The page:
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In this article we will discuss the difference in reading binary numerical data between SAS and Python.

Byte Order

Integer values for integer binary data are typically stored in one of three sizes: 1 byte, 2 bytes, or 4 bytes. The ordering of the bytes for the integer varies depending on the platform (operating environment) on which the integers were produced. There are two types of byte orders, “big-endian” and “little-endian”. In short, the main difference lies in where most significant byte is stored. For example, if an integer is stored in 4 bytes, then 2 is stored as 10 00 00 00 in little-endian and as 00 00 00 10 in big-endian. In this article we will just focus on the little-endian, since it is used in Windows and Linux.


SAS uses informats to read the binary data and the corresponding formats for writing the binary data. The common informats are IBw.d, PIBw.d.

IBw.d: for integer binary values. w specifies the width of the input fields and d is a scaling factor and specifies the power of 10 that divides the integer.

PIBw.d: for positive integer binary values.

Note that when using infile statement to open a binary file, one has to specify option recfm to value n so that SAS knows the file is a binary file.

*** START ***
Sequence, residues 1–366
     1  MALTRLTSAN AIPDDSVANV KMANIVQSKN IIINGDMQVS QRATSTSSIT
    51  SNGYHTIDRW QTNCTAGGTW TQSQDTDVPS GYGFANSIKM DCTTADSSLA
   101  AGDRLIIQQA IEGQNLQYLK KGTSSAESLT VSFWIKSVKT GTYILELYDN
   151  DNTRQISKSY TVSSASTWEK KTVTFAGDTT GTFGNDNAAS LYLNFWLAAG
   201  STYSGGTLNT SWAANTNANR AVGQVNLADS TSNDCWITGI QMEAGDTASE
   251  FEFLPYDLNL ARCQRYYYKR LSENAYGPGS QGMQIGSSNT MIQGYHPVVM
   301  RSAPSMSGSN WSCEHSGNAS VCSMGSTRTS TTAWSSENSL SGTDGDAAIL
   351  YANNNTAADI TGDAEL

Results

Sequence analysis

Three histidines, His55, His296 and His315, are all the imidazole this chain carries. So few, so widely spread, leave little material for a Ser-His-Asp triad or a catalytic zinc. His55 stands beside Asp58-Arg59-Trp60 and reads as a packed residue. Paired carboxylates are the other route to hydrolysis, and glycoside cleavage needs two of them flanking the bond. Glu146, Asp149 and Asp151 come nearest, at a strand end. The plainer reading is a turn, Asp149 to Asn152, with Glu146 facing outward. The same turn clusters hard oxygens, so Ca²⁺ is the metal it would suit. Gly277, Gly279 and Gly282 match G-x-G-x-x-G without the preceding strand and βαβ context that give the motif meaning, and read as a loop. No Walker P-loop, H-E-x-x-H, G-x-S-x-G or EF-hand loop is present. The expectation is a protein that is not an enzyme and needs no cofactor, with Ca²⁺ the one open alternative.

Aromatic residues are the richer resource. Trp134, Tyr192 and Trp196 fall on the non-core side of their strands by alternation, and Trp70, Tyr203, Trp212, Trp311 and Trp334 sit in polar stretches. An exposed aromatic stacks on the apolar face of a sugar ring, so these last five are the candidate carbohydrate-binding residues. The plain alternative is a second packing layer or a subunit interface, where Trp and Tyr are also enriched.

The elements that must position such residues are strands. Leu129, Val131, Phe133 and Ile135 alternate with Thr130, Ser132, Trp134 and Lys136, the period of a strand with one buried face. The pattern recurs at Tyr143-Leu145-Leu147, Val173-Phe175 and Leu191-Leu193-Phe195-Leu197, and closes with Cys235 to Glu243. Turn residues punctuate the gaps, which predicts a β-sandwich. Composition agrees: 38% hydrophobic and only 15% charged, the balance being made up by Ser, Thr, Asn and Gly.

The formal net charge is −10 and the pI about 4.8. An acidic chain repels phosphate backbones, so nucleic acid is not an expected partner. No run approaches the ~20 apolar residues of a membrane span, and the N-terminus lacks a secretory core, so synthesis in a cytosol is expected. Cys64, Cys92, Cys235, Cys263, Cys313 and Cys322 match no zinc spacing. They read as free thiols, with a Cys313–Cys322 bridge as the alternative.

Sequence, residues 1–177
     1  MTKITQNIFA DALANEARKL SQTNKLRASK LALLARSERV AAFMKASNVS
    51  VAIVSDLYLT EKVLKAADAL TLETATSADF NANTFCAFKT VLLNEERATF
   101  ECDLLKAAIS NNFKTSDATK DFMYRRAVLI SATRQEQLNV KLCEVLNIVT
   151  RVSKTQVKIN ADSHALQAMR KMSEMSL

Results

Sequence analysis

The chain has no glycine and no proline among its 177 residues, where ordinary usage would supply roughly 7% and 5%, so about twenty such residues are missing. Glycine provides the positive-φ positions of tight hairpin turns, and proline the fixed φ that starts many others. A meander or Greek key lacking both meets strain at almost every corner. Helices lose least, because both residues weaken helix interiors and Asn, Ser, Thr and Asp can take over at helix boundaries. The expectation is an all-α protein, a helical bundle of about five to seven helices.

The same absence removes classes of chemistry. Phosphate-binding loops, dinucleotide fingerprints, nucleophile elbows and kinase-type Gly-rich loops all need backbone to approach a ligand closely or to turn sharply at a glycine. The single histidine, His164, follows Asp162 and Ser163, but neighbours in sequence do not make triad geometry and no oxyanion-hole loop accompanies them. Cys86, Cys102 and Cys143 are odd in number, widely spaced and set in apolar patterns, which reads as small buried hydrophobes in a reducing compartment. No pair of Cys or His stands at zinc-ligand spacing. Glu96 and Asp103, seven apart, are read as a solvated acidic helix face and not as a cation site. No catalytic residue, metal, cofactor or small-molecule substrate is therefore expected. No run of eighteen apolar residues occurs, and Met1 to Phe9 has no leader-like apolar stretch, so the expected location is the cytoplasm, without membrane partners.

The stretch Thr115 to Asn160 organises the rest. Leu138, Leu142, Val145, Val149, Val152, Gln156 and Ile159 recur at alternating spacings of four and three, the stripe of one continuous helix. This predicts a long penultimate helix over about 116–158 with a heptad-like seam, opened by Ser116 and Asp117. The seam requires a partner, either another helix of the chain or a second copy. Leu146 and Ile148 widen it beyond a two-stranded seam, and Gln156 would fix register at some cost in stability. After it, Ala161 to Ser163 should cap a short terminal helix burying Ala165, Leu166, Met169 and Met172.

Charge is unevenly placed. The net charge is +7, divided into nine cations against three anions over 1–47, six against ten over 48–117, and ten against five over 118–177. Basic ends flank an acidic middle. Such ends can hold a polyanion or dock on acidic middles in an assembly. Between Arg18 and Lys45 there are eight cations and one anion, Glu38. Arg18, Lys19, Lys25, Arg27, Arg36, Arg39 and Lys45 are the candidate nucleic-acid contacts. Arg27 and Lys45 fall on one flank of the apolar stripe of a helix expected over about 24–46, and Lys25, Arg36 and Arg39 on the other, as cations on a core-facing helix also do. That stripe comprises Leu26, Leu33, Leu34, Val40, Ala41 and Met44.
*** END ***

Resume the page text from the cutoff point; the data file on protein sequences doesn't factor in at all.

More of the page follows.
Use open(file_name, 'rb') to open the binary file, remember to include b to indicate a binary file. There are two ways commonly used in Python to read binary numerical data. The first one is to use function int.from_bytes(). It is simple and quick. The following example converts the bytes b’\xf8’ to the integer 248.


However, it needs a loop if one is converting a series of bytes. In such case, it is easier to use the built in package struct. The specific function used to read binary data is struct.unpack. Let’s say there is a stream of bytes containing 4 integers each of which is stored in 4 bytes. The following one command can read all 4 integers at the same time.

import struct
struct.unpack('iiii', b'\xf8\x17\x00\x00\x00\x00\x00\x00\x01\x00\x00\x00\xf6\x0b\x00\x00')

It returns a tuple of 4 integers. Here iiii is the format string similar to informats/formats in SAS, which tells Python how the integers are stored. It can also be written as 'i'*4. The following table compares some formats with SAS informats.

Format Python Type Standard Size SAS Informat/Format
b integer 1 IB1.
B integer 1 PIB1.
h integer 2 IB2.
H integer 2 PIB2.
i integer 4 IB4.
I integer 4 PIB4.
q integer 8 IB8.
Q integer 8 PIB8.


We will be using this binary file. Feel free to download the file for your own test. The file has 21 bytes or 9 integers. The first 4 integers are stored in 4 bytes each and the last 5 integers are store in 1 byte each.

  • SAS
data test;
  infile 'binary_integer' recfm=n;
  array y{5} y1-y5;
  input (x1 x2 x3 x4) (ib4.);
  do j = 1 to 5;
    input y{j} pib1.;
  drop j;
  • Python
import struct
with open('binary_inter', 'rb') as f:
    x = f.read() # read all the content
    x1, x2, x3, x4 = struct.unpack('i'*4, x[:16])
    y1, y2, y3, y4, y5 = struct.unpack('b'*5, x[17:])